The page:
Life of a recruiter in a high-attrition environment

When there is high attrition, talent acquisition becomes a high-pressure job


Endless interviews, chasing the candidates and making them accept the offer, ensuring a right fit for the role and achieving targets to fill up positions is something a recruiter is required to do at work. A recruiter’s life is similar to that of a sales executive’s who is required to achieve certain targets as it impacts the very business of a company.

The Internet is full of news stories about a high-attrition environment in the IT services sector. Amongst the IT giants in India, Cognizant tops with almost 33 per cent attrition, followed by Wipro with 20.5 per cent and Infosys with 20.1 per cent. The lowest attrition, of 11.7 per cent, is posted by TCS.

In India’s IT services sector, the average attrition would be anywhere between 15 to 18 per cent. With the pandemic almost coming to an end, this sector is witnessing increasing attrition rates. Spoilt for choice, given the multiple lucrative offers being presented to them, techies are leaving their jobs frequently.

“The sourcing and fulfilment team is under maximum pressure amongst all during high attrition”

Sriram V, CHRO,

The already tough life of a recruiter is only becoming more challenging. With the pressure of closing positions mounting with each passing day, they are certainly feeling the heat, just as sales professionals face the pressure to close deals!

As per Anish Philip, CHRO, Marlabs, talent acquisition has always been a high-pressure job in the IT services sector. However, now, attrition has gone through the roof and finding good talent has become more and more tough.

“It is so tough that it becomes a seven-day working week for a recruiter,” states Philip.

Nowadays, the talent market is totally a buyer’s market, because people have never-ending options. Since the lockdown has shown that recruiting can be done virtually as well, most of the interviews are happening on zoom calls or other virtual video-conference platforms. “Life has become an endless series of interviews for multiple positions, and that too, across multiple locations,” shares Sharad Verma, CHRO, Iris Software.

The low joining is yet another phenomenon being witnessed in companies today. This only adds to the frustration of a recruiter.

One of the CHROs HRKatha spoke to says that the pressure is so high that recruiters working in tech firms are required to close 30 to 40 positions each month.

It is not just attrition that is making things tough. The demand for good talent is also high because many companies in the IT sector are seeing growth, and are in need of quality talent. Verma shares that Iris is seeing tremendous growth this year, and has been hiring 200-300 people every month.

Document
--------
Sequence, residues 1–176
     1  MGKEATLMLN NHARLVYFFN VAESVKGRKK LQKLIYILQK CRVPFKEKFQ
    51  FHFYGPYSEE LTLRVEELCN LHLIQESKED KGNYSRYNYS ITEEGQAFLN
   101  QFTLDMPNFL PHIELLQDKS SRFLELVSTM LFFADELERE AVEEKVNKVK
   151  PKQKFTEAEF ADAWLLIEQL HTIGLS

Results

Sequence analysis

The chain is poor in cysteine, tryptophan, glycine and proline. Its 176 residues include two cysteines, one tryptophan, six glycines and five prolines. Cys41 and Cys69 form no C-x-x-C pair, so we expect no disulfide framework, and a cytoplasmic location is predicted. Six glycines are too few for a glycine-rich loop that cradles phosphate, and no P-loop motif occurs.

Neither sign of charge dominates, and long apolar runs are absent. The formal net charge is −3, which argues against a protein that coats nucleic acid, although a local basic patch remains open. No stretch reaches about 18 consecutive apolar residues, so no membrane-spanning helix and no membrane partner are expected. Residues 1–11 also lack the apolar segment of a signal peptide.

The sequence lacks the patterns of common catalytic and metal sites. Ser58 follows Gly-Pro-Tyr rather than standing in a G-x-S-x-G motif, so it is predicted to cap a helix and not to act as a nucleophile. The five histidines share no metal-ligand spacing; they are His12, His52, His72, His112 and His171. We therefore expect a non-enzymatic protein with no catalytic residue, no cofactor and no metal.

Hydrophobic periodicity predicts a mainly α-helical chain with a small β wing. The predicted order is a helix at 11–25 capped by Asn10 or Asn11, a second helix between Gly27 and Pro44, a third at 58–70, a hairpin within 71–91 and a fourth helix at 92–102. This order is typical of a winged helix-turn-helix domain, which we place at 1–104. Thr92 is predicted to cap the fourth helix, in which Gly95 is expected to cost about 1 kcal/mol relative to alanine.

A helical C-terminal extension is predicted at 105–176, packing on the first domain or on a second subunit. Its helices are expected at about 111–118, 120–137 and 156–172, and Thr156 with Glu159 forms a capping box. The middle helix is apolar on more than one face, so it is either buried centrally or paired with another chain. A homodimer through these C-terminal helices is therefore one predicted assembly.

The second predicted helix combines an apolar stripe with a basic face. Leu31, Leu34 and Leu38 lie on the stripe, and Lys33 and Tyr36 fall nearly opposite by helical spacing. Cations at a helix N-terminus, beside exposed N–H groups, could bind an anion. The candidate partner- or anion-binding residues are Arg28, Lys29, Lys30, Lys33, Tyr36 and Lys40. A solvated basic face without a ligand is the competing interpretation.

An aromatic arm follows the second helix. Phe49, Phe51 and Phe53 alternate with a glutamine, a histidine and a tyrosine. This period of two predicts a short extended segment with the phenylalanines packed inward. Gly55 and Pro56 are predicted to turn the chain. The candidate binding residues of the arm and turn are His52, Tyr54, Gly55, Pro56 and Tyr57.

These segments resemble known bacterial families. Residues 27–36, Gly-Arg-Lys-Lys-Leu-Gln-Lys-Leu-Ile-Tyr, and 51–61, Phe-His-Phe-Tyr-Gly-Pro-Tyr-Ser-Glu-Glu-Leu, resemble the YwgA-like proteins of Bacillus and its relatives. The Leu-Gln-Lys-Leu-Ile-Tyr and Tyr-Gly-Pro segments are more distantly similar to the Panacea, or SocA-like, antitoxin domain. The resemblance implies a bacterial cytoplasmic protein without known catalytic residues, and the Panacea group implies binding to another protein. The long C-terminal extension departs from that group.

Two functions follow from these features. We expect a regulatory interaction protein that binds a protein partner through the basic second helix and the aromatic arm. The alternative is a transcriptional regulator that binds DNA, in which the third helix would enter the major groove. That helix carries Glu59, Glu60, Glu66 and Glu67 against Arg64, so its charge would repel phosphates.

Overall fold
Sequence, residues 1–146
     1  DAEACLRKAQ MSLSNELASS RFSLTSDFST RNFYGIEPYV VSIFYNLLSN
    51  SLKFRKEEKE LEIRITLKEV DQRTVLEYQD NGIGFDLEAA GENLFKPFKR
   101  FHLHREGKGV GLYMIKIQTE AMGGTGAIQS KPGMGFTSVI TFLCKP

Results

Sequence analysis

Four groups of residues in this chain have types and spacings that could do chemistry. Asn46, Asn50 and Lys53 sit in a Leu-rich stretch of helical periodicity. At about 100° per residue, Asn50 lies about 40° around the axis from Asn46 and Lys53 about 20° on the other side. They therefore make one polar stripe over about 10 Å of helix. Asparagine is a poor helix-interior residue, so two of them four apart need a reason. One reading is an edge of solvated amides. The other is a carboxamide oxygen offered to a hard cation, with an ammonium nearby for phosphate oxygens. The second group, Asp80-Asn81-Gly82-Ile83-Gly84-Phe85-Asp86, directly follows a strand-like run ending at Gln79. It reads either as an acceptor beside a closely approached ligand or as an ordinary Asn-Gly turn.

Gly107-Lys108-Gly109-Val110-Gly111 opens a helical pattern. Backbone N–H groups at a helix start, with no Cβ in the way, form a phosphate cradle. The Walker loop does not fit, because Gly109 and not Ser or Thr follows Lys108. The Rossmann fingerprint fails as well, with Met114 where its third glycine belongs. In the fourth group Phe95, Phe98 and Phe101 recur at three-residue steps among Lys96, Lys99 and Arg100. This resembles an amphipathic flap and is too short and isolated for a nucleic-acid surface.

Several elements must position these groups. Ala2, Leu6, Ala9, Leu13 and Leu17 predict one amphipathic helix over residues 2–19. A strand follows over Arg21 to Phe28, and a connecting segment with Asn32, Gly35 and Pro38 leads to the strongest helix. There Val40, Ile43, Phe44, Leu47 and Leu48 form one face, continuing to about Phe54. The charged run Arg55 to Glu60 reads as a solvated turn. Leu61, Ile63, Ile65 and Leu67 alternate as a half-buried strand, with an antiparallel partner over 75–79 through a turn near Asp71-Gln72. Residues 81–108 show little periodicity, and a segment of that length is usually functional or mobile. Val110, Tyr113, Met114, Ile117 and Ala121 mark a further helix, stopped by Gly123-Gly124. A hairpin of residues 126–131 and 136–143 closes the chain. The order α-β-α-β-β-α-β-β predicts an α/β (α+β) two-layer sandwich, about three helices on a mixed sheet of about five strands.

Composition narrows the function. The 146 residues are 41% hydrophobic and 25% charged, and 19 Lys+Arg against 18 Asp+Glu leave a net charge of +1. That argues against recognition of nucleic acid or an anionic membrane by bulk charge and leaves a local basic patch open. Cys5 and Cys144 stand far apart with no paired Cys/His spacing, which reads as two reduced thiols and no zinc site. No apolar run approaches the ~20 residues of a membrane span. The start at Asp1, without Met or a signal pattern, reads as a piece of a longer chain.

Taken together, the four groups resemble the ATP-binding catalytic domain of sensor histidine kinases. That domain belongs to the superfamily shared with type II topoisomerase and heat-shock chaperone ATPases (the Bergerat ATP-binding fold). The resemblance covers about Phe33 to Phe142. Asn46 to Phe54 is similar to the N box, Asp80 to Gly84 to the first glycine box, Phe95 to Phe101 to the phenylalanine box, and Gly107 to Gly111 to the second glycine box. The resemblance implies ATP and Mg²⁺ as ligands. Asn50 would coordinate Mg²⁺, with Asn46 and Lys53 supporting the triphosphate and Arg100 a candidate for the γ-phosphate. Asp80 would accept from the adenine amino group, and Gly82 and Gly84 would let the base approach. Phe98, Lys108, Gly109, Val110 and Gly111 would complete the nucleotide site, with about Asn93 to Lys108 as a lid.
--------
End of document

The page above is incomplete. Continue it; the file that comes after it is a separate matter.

“It is so tough that it becomes a seven-day working week for a recruiter”

Anish Philip, CHRO, Marlabs

Who faces the maximum heat?

Big enterprises usually have a huge team of talent-acquisition (TA) professionals who are given specialised roles. There is a team that hires freshers from the campuses and a separate team that hires laterally. So which team faces the most heat? “The sourcing and fulfilment team is under maximum pressure,” says Sriram V, CHRO,, who has also worked as an HR head at HCL Technologies. “If someone refuses to accept the offer, it is the sourcing team that needs to find the right talent, once again, either working individually or with a recruitment partner. Having to go through everything again from the start can be frustrating,” adds Sriram.

What makes it difficult for recruiters?

Sriram shares that structural issues make things tough for talent-acquisition professionals in the IT services industry. The three main reasons why things become difficult are:

· Entry of startups that are constantly luring tech talent with double compensation, making it difficult for others to compete with them.

· Recruiters often fail to sell roles such as that of testing engineers, which rarely excite candidates

· Overprofiling

“There was a time when IT companies used to hire even if candidates were 50 per cent fit for a job, but now they need 100 per cent fitment,” explains Sriram.

“Life has become an endless series of interviews for multiple positions, and that too, across multiple locations”

Sharad Verma, CHRO, Iris Software

“Many IT firms lack manpower planning. We need a three-year talent strategy in place to sustain ourselves,” points out Sriram.

What is the repercussion of high pressure?

When the pressure is too high, people are bound to experience burnout. All recruiters undergo burnout at some point, and if it is never ending, they just decide to switch to a different sector. “They generally choose to move to a tech product startup, where hiring volumes are low, and where they attract people with 2x more compensation,” points out Sriram.

It is common knowledge that a recruiter’s job is a high-pressure one and comes with its unique challenges. Many recruits are passionate about the job and enjoy it because it keeps them on their toes.

Now with changes happening so fast, recruiters are required to constantly explore new ways of attracting and sourcing talent. They have to break away from tradition and adopt more unconventional ways to draw quality talent from the highly competitive market.

“Despite the challenges, recruiters have done very well,” concludes Sriram

Human resource experts believe that all TA professionals have done quite well even in these times when companies are facing the brunt of high attrition and extreme talent crunch. Even Brian Humphries, CEO, Cognizant praised the effectiveness of his TA team, that managed to hire more than 17,000 people despite such a high attrition rate in quarter three of this year.

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